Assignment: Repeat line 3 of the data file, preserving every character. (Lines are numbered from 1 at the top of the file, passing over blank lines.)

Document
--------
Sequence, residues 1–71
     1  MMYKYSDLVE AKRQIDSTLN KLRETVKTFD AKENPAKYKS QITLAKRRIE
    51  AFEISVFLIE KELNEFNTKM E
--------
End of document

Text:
    51  AFEISVFLIE KELNEFNTKM E